Twists and turns and Purple Roads

Purple Roads has taken a turn that I didn’t expect! Sometimes when that happens, it’s quite difficult; other times it’s great and the words just pour out – I think that’s what I’m about to experience… well I hope I am! I know when I went to bed; the new plot just ran around in my brain for the entire night, even when I was so-called sleeping!

Lunch with my critique partner, on Friday, was amazing. We decided we needed to map out a story for a minor character. The trouble was this character decided that he wanted to be in the limelight! He’s gone from being a bloke that just popped up, every now and then, to holding the key to the whole story! (I must say, I do wish he’d spoken up sooner!)

Purple Roads involves trucks and even though I grew up in a trucking family, it’s been a long time since I’ve sat in one. I thought I’d better go and see what changes had been made in the last fifteen years! The technology, from computers that tell you every tiny thing that’s happening with your truck (at that minute!) to mobile phones, iPod holders, CD players…  Well, it’s a far cry from the old wireless and tape deck and large clumsy HF radio that had a calling distance of over 3,000 kilometres, which the blokes that used to drive for Dad, had.

The trucks are comfortable; and they need to be, for a lot of these guys, they spend over 200 days per year, on the road.

I must say a huge thank you to Myles so showed me all the trucks and took the time to explain all the terminology that’s changed, since I was a kid. Also to the bloke who is answering questions about a time in his life, which was hell; thank you for reliving the memories, so my writing can authentic.

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  1. Thanks for sharing some of the processes that go with writing a novel. For the one I’m trying to write, I’m going to have to consult an expert or two to make sure I get things right … I know many novelists do that and thank them in the acknowledgements. Have you ever had someone say no or demand payment? I’m nervous about asking because I think so many people would want money to cover their time …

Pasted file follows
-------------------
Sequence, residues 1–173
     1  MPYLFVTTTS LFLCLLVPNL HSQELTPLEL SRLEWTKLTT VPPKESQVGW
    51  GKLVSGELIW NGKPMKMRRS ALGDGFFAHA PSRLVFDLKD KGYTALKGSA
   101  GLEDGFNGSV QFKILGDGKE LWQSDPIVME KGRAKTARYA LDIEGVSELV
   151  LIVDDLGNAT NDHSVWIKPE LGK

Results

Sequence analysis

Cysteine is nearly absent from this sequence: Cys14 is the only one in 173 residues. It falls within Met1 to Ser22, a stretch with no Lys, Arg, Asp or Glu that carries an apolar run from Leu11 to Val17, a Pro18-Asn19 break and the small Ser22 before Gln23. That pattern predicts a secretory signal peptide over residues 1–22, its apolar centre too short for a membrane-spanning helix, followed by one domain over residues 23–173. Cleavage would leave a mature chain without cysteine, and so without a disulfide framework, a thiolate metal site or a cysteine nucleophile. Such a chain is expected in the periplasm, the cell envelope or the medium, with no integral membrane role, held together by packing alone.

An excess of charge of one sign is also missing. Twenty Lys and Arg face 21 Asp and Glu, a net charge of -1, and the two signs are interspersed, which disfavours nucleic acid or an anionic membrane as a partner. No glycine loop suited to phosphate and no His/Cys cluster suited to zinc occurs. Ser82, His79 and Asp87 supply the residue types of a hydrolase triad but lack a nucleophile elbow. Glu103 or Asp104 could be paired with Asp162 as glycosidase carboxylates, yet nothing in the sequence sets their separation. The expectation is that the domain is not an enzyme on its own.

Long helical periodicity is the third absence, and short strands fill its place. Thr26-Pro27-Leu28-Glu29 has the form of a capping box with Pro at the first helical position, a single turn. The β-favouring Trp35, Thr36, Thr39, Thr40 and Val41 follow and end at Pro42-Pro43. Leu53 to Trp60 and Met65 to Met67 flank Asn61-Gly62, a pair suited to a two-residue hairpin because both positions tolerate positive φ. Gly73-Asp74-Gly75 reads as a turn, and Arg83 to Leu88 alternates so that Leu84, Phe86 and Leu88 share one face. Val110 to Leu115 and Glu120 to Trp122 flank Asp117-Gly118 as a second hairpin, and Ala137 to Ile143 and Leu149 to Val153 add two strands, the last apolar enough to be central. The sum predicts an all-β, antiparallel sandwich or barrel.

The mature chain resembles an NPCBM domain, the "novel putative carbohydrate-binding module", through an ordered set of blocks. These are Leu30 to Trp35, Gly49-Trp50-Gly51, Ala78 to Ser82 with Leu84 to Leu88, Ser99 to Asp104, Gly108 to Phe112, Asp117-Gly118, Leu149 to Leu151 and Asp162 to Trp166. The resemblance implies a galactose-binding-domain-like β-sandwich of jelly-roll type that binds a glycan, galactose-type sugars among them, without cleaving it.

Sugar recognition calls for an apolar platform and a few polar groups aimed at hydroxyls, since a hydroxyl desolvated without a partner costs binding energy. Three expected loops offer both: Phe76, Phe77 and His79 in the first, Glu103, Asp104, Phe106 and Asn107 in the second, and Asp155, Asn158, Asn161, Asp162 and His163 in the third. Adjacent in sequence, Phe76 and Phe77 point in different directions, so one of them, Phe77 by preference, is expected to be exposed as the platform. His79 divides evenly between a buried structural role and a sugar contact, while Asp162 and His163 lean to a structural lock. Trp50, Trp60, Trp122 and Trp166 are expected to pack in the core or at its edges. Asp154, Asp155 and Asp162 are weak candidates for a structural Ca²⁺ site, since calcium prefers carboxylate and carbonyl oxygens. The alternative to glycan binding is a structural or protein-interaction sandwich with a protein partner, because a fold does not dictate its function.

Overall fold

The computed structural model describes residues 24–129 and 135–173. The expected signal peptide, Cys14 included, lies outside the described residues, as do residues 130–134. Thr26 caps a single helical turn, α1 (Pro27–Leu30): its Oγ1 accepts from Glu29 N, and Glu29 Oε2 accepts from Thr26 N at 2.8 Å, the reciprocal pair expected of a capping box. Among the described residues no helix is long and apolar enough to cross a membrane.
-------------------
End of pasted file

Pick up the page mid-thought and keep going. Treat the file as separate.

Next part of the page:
1. Hi Bronnie – it depends on if your talking about published authors or people who are in the publishing industry OR friends! My critique partner is my best friend. For years we’ve read books talked about them, pulled characters apart, seen what works and what doesn’t, so to talk about my writing is just an extension of what we’ve always done. She also reads everything I write, before anyone else – the feedback I get is invaluable. If you read this: http://fleurmcdonald.com/writing-journey/ you’ll see where she comes in.

      If you approach someone who works in the industry, they’ll invariably want paying. Your best bet is to join a writers group or somewhere like The Queensland Writers Centre http://fleurmcdonald.com/giveaways-for-writers-2/ where they offer critique services. Otherwise, chose a friend who loves reading as much as you do, take the plunge, let them read it and then talk about it until your heart is content!

      Hope this helps. If you want more info, just ask!

  2. Oh Sorry Fleur, Thanks for answering but I meant where you need an expert to tell you about things. Like if someone takes this drug how would it affect their body. If someone killed a person like this, would they be able to hide it etc. I’ve heard that writers like Tara Moss will often talk to doctors, scientists, people in morgues or forensics; others like Katherine Howell or Kylie Ladd have a background in another field; others talk to chefs, doctors, detectives etc to make their writing read true.
    I’m lucky enough to already have an agent and I’m with the QWC, but it’s those little things where you need to make sure that’s what in your imagination can actually happen which gets me.
    As an ex-journo, I’ve always been used to asking experts for their opinions or comments, but they are always attributed and the publicity is almost instant as the work is published or hits the news, so they’re happy to do it for free, either as part of their job, or to build their own reputations/profile. I’ve left journalism behind now, and as a fiction writer, I can’t promise there will be any publicity, so I figure experts would be less likely to want to help. And as you know, even if the book is a hit, it doesn’t necessarily mean you’ll make a lot of it to be able to payback helpers.
    Hope this clarifies my query.
    Best wishes,
    Bronnie

    1. Ah Huh! Got you! Everyone I’ve asked for help have given it willingly and without payment. I still talk to my Stock Squad source (from Red Dust) when I get stuck with a plot line – his day to day life in the police force has huge amount of material but he can also given me the tech side as well. But I do like to thank who ever helps, so I often send the finished book or a bottle of wine.

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